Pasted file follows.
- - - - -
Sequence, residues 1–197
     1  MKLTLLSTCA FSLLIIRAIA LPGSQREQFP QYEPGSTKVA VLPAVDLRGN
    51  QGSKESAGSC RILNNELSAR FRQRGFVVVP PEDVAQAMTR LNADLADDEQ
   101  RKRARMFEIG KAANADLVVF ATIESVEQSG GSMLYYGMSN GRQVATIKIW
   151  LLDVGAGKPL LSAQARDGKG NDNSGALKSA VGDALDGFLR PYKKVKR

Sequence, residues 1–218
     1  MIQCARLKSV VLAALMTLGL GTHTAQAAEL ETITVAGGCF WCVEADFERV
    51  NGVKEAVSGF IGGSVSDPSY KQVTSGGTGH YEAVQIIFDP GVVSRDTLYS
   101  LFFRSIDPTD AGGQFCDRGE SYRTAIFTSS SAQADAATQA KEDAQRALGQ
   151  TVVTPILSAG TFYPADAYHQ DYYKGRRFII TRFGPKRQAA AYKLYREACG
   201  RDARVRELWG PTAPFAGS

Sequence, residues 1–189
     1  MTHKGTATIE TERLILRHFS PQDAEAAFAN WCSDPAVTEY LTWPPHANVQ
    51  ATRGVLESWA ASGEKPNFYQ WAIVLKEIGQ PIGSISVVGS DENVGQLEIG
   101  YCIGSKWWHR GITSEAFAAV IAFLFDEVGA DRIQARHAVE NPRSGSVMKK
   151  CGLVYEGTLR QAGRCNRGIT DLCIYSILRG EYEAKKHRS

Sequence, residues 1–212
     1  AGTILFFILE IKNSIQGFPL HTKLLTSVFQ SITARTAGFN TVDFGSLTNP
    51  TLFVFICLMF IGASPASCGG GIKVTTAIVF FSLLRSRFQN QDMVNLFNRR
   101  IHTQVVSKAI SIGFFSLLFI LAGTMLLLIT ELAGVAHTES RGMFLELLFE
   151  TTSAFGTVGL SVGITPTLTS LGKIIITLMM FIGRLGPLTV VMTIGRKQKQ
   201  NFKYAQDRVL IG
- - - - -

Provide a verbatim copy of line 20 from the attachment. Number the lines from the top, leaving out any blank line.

   101  IHTQVVSKAI SIGFFSLLFI LAGTMLLLIT ELAGVAHTES RGMFLELLFE